Of begums and bheels

Of begums and bheels

Vintage images

Of begums and bheels

Regal splendour : ‘Madam Doolan, Shah Jehan and Begum of Bhopal,’ 1862.

Nostalgia seems to be the new muse for photography shows these days. Barely a couple of days after a show of rare photographs on the Indo-Bhutanese relations went underway at National Gallery of Modern Art, the Alkazi Foundation opened its treasure trove of vintage photographs of the 19th century Central Provinces, titled ‘The Waterhouse Albums’, replete with never-seen before images of Begums and bheels at Shridharani Gallery, Triveni Kala Sangam in New Delhi.

Flashback 1862 when James Waterhouse, a young second lieutenant in the British army, was deputed on special assignment to photograph rulers, tribes, communities and archaeological subjects in the Central Provinces. The assignment soon turned extraordinary as four generations of begums who ruled the erstwhile state of Bhopal, “including the incumbent Begum Sikander”, became the subject of the Englishman’s camera. Several sessions later, spread over two years, the young army officer in the royal artillery had comprehensively documented the Begums of Bhopal, tribes like the Bheels, Meenas and others, the Maratha rulers and the Nepalese royalty. These are the images on albumenised paper that became part of what came to be called ‘The Waterhouse Albums’.

“That was possibly the only time when all the four begums of Bhopal — Qudsia, Sikander, Shah Jehan and Sultan Jahan — were photographed,” says Rahaab Allana, curator at the Alkazi Foundation for the Arts that was established three years ago to bring together artwork and photographs of the Alkazi collection. The photographs have also been published as ‘The Waterhouse Albums: Central Indian Provinces’ (edited by John Falconer, published by the Alkazi Foundation)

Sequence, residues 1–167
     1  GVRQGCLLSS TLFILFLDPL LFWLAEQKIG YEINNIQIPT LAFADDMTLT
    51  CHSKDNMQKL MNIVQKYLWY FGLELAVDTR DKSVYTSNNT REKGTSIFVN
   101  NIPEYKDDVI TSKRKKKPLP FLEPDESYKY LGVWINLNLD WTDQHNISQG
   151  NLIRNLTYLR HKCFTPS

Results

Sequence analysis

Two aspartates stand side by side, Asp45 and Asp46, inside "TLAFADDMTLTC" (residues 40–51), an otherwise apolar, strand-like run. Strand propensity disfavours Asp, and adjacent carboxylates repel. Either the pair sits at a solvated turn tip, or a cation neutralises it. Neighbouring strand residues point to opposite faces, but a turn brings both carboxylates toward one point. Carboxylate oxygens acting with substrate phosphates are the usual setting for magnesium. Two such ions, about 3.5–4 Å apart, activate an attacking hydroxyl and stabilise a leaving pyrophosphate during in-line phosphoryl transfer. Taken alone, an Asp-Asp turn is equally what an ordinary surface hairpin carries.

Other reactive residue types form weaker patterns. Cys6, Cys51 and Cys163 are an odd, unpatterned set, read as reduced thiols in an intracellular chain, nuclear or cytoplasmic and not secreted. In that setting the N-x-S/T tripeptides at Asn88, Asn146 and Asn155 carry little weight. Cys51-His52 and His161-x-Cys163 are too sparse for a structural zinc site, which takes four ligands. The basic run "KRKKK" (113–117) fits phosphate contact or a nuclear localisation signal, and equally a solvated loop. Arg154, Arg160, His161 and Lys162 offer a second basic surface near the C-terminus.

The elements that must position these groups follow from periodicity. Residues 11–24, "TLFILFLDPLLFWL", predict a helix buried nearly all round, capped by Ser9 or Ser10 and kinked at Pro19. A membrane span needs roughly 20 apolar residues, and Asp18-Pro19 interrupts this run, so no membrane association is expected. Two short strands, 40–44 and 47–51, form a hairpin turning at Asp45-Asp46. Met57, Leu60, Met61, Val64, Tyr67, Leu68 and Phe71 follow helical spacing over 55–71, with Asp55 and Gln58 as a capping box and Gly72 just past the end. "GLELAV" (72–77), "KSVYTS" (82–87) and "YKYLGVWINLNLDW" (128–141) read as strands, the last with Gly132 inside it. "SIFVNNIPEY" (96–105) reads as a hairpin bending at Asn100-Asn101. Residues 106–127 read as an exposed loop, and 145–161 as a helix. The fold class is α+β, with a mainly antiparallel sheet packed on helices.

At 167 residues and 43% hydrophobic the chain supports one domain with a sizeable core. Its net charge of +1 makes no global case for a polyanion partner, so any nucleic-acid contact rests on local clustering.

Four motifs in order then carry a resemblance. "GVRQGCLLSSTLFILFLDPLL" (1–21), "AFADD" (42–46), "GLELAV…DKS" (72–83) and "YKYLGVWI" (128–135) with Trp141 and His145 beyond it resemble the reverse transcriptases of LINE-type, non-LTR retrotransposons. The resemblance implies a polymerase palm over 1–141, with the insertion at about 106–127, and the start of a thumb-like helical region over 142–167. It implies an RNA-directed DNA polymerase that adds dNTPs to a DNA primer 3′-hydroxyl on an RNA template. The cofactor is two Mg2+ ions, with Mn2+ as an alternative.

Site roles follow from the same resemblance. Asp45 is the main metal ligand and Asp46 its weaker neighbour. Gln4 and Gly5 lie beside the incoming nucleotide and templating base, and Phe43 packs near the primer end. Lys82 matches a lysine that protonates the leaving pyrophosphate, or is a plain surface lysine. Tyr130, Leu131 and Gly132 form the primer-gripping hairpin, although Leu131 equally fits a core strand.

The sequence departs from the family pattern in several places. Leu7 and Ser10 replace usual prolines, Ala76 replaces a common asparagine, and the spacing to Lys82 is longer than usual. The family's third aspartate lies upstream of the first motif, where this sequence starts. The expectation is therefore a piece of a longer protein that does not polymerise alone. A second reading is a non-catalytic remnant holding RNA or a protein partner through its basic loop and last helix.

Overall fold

“Photography was used almost like a surveillance mechanism to keep a record of allies and non-allies by the British who were trying to consolidate their power,” explains Allana as one views the dramatic pictures on display. What add to the interest in the pictures are the elaborate captions that have been culled out of transcripts of Waterhouse’s personal narratives of his travels and photographic projects.

For instance, in one photograph, three men holding Turkish fans are standing behind Sikander Begum and have been described by Waterhouse as her chowriburdars. He goes on to say that the begum was bestowed with the Collar of the Most Exalted Order of the Star of India. There are also photographs of Bibi Doolan, widow of a minister of the begum and Anton da Silva, the begum’s physician.

Waterhouse’s photographs of begums of Bhopal — the first Muslim rulers to be captured ever on camera — are indeed the most endearing part of the show. Exhibiting the immense power the begums of Bhopal wielded between 1819 and 1929, the pictures do full justice to both their court regalia and their personal relationships. Recounting an interesting observation, Allana says that the begums specially posed for Waterhouse with not only their courtiers but also their daughters, who would otherwise be only seen behind a purdah!

Out of Waterhouse’s notes also emerges a very progressive image of the begums. His notes mention that while Sikander begum was immensely interested in educating women of the court in Persian language and in statecraft, Sultan Jahan headed the Aligarh Women’s Education Movement. “Qudsiya Begum had no male heir and her son-in-law was unworthy of ruling Bhopal and thus Sultana Begum took over. She constantly wrote to the British updating them on the progress of the state. Sultan Jahan was the first woman to go on Haj and even wrote a book on her life,” says Allana.

Waterhouse went beyond the court and photographed the tribes and communities in the Central Provinces, such as the Bheelalahs of Sehore and the Bhils. A dramatic picture is an albumen print of the Bheels of Madhya Pradesh which may look posed to an untrained eye, but look deeply, and the image speaks volumes about the tribe’s gallantry. Also on display are pictures of the Nepalese royalty, Sanchi Stupa (then called Sanchi Tope) before restoration, images that made Waterhouse’s peers acknowledge him as “the father of photomechanical work.”

Apart from the original ‘Waterhouse Albums’ compiled by the man himself in 1863 and from which the images have been enlarged and taken, the exhibition also showcases vintage cameras — Stereoscopic and Gandolfi — from the period as well as photographs of the Photo-Litho Department of the Survey of India where Waterhouse was in-charge from 1866 to 1897. However, it is the sepia-tinted glimpse of the begums of Bhopal that will stay with you.

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